Sie sind auf Seite 1von 15

Interested in learning

more about security?

SANS Institute
InfoSec Reading Room
This paper is from the SANS Institute Reading Room site. Reposting is not permitted without express written permission.

MPLS - VPN Services and Security


This paper will focus on the issues related to providing VPN services in a MPLS environment. The paper will
discuss traditional routing and ATM in a service provider network. It will discuss the MPLS architecture and
security issues and its benefits in providing a scalable connection oriented networking solution. This will
provide the foundation for the discussion on providing scalable VPN services in a MPLS environment.

Copyright SANS Institute


Author Retains Full Rights
AD
ts
igh
MPLS - VPN Services and Security

ll r
Key fingerprint = AF19 FA27 2F94 998D FDB5 DE3D F8B5 06E4 A169 4E46

fu
ins
Ravi Sinha

eta
rr
May 29 2003
ho
ut
,A

GSEC Practical Version 1.4b


03

Option 1
20
te
tu
sti
In
NS
SA
©

Key fingerprint = AF19 FA27 2F94 998D FDB5 DE3D F8B5 06E4 A169 4E46

1
© SANS Institute 2003, As part of the Information Security Reading Room. Author retains full rights.
Contents

1. Abstract
2. Traditional IP Routing and ATM in a Service Provider Network.
2.1 Traditional Routing.
2.2 TheNeed for Switching.
2.3 The March towards MPLS.
3. MPLS.
3.1 Introducing MPLS.

ts
3.2 QoS Support.

igh
3.3 Traffic Engineering.
3.4 VPN Support.

ll r
3.5 Multiprotocol
Key fingerprint = AF19 FA27 2F94Support.
998D FDB5 DE3D F8B5 06E4 A169 4E46
3.6 MPLS Operation.

fu
4. VPN in an MPLS Environment.

ins
4.1 ABC’s of VPN.
4.2 VPN and MPLS.

eta
4.3 Security.
5. Conclusion. rr
6. References.
ho
ut
,A
03
20
te
tu
sti
In
NS
SA
©

Key fingerprint = AF19 FA27 2F94 998D FDB5 DE3D F8B5 06E4 A169 4E46

2
© SANS Institute 2003, As part of the Information Security Reading Room. Author retains full rights.
VPN Services and Security in MPLS Architecture.

1. Abstract.
This paper will focus on the issues related to providing VPN services in a
MPLS environment. The paper will discuss traditional routing and ATM in a
service provider network. It will discuss the MPLS architecture and security
issues and its benefits in providing a scalable connection oriented networking
solution. This will provide the foundation for the discussion on providing scalable

ts
VPN services in a MPLS environment.

igh
2. Traditional IP Routing and ATM in a Service Provider Network.

ll r
Key fingerprint = AF19 FA27 2F94 998D FDB5 DE3D F8B5 06E4 A169 4E46
2.1 Traditional Routing.

fu
The traditional IP network consists of a series of routers interconnected by

ins
physical media that communicate via standard routing protocols. The need for
robust communication was one of the goals of IP networking in its early days.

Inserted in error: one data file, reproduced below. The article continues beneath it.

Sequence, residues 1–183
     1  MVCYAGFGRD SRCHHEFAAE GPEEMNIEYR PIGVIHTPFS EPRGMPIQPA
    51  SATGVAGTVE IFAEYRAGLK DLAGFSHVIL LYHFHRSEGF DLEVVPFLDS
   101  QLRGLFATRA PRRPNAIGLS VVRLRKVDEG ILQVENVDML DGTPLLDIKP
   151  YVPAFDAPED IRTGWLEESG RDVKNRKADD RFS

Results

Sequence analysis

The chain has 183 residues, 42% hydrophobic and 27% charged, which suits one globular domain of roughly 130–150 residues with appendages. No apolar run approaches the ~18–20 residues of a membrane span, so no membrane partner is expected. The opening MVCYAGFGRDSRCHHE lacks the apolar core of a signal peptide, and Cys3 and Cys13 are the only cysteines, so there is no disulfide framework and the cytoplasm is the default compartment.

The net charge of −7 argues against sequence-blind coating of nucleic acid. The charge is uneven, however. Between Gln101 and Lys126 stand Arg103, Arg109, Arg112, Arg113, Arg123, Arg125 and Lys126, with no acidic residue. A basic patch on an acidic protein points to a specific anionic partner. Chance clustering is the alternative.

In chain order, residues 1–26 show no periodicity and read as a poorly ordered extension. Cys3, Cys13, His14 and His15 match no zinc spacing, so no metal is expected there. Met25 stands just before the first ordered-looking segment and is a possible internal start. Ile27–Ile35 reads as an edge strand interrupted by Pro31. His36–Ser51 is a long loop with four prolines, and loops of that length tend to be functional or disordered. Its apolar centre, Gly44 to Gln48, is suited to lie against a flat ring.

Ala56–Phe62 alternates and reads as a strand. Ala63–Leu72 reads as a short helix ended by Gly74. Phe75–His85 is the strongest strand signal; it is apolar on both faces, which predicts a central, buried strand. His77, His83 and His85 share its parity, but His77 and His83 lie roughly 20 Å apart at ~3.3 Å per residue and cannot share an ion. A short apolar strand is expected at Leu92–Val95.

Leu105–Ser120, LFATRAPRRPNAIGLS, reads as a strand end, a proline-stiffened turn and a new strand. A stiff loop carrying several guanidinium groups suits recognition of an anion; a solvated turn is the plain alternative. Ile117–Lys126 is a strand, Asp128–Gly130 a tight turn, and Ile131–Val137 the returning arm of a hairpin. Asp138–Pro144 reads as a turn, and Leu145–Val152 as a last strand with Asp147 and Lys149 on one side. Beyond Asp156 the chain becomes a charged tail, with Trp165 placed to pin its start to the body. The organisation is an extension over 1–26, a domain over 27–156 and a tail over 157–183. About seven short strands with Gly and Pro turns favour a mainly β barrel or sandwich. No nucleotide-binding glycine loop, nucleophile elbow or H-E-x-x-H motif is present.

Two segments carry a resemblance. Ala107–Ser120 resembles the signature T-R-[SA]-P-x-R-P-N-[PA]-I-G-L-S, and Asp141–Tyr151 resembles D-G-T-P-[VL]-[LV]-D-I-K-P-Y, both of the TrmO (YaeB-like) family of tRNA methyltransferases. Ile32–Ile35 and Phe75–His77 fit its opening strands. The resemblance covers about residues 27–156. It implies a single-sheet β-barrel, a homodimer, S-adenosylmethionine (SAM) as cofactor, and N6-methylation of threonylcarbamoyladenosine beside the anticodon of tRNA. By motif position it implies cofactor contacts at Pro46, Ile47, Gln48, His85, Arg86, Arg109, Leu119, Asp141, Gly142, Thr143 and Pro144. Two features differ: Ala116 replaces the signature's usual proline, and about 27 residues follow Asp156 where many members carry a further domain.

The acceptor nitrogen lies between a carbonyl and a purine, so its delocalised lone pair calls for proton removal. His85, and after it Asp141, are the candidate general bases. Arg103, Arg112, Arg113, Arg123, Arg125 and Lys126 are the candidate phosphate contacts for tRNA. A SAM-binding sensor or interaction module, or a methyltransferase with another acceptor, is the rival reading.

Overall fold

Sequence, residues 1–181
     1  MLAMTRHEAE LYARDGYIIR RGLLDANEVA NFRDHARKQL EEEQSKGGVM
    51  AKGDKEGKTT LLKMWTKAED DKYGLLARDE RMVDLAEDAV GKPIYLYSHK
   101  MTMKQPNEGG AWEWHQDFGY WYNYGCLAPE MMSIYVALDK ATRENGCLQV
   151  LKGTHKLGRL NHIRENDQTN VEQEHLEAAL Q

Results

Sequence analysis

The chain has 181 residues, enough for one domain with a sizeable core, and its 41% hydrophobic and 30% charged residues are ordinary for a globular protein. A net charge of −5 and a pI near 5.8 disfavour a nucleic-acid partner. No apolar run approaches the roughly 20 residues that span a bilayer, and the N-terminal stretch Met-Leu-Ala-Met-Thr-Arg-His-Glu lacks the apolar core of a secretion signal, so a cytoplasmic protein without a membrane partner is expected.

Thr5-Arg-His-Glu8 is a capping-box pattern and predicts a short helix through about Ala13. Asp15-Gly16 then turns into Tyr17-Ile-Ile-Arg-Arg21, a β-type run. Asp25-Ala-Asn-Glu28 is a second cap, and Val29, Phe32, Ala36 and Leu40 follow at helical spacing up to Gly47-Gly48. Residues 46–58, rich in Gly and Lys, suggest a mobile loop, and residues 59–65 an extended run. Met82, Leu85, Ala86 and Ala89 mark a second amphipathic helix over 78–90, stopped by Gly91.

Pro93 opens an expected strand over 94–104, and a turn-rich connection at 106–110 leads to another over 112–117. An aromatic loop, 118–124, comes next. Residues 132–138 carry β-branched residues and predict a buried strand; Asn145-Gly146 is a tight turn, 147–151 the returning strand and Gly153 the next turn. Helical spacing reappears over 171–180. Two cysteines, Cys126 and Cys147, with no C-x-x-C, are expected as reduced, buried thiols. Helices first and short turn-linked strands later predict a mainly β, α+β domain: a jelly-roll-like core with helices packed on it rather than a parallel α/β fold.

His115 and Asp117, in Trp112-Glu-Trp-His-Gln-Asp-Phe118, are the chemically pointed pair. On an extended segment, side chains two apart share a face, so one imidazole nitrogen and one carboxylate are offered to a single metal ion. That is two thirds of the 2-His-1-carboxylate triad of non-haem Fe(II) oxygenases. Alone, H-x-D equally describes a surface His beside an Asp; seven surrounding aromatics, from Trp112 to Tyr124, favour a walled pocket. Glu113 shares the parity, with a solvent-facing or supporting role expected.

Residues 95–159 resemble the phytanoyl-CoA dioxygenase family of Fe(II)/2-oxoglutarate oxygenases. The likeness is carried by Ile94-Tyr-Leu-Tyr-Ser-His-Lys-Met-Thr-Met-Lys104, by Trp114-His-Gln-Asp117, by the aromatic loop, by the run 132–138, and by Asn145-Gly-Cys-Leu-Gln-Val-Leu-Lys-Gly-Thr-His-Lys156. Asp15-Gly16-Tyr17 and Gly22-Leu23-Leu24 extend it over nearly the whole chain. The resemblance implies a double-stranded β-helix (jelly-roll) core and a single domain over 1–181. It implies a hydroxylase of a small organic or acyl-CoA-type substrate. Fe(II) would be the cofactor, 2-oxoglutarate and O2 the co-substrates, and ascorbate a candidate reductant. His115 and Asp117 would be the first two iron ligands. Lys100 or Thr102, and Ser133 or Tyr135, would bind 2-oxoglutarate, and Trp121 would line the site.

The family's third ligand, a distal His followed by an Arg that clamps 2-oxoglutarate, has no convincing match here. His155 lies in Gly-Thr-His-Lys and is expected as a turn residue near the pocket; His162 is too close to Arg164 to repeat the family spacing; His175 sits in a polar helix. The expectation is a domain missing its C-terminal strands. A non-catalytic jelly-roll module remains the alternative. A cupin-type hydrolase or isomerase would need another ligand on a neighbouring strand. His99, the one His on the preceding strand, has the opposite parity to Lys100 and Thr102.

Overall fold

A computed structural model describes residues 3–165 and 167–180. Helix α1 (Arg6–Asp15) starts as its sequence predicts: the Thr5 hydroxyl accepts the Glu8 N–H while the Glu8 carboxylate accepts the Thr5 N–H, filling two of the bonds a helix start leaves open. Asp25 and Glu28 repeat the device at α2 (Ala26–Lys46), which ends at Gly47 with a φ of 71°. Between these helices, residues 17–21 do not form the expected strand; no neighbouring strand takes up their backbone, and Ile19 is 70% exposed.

eta
Delivery of packets with specific delays or bandwidth requirements was not an
issue. Even though IP has the concept of type of service it has rarely been
rr
utilized. IP has been a very powerful networking technology. Conforming to open
standards and its flexibility enables it to transfer a wide range of data types.
ho
ut

The growth of the Internet has put IP to the forefront of the communication
,A

world. The Internet is generally segmented into many autonomous system


domains and uses typically a interior gateway protocol such as OSPF to route
03

packets inside the AS and a exterior gateway protocol such as BGP is used to
20

communicate between routes of separate AS. Traditional routing being


connectionless has some benefits in terms of scalability and network resiliency.
te

In a service provider network this connectionless nature also has some


tu

limitations.
sti

Within the network OSPF establishes links using the open shortest path
In

first algorithm. Some of the difficulties encountered are a likelihood of congestion


on some of the links and a limited ability to distribute traffic over all available
NS

links. One other issue to consider is that traffic is sent across links on a hop-by-
SA

hop basis. Routing decisions are made at every node. This can create
congestion on the network because routers base their forwarding decision on the
destination address on the packet header and the least path cost to that
©

destination. This causes all traffic to that destination to take the least cost path
leaving the other links underutilized. With traditional routing service providers can
provide only a best effort networking. All traffic is essentially treated equal and
packets may be discarded on congestion. This is acceptable for application like
e-mail and others
Key fingerprint withFA27
= AF19 no specific requirements
2F94 998D FDB5 DE3D forF8B5
latency or A169
06E4 bandwidth.
4E46

3
© SANS Institute 2003, As part of the Information Security Reading Room. Author retains full rights.
2.2 The Need for Switching.
As service provider networks grew large the problems of the forwarding